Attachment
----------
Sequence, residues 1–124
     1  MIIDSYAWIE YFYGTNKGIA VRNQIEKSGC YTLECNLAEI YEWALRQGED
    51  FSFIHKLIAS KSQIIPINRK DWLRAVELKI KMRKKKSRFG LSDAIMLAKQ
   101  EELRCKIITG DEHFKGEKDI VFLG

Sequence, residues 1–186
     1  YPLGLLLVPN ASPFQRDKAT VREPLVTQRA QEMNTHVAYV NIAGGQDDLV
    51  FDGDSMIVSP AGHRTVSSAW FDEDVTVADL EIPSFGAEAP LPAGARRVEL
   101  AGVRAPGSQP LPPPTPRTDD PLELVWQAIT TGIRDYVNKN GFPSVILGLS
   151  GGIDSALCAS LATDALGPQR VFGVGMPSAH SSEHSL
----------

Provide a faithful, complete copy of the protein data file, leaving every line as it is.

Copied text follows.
Sequence, residues 1–124
     1  MIIDSYAWIE YFYGTNKGIA VRNQIEKSGC YTLECNLAEI YEWALRQGED
    51  FSFIHKLIAS KSQIIPINRK DWLRAVELKI KMRKKKSRFG LSDAIMLAKQ
   101  EELRCKIITG DEHFKGEKDI VFLG

Sequence, residues 1–186
     1  YPLGLLLVPN ASPFQRDKAT VREPLVTQRA QEMNTHVAYV NIAGGQDDLV
    51  FDGDSMIVSP AGHRTVSSAW FDEDVTVADL EIPSFGAEAP LPAGARRVEL
   101  AGVRAPGSQP LPPPTPRTDD PLELVWQAIT TGIRDYVNKN GFPSVILGLS
   151  GGIDSALCAS LATDALGPQR VFGVGMPSAH SSEHSL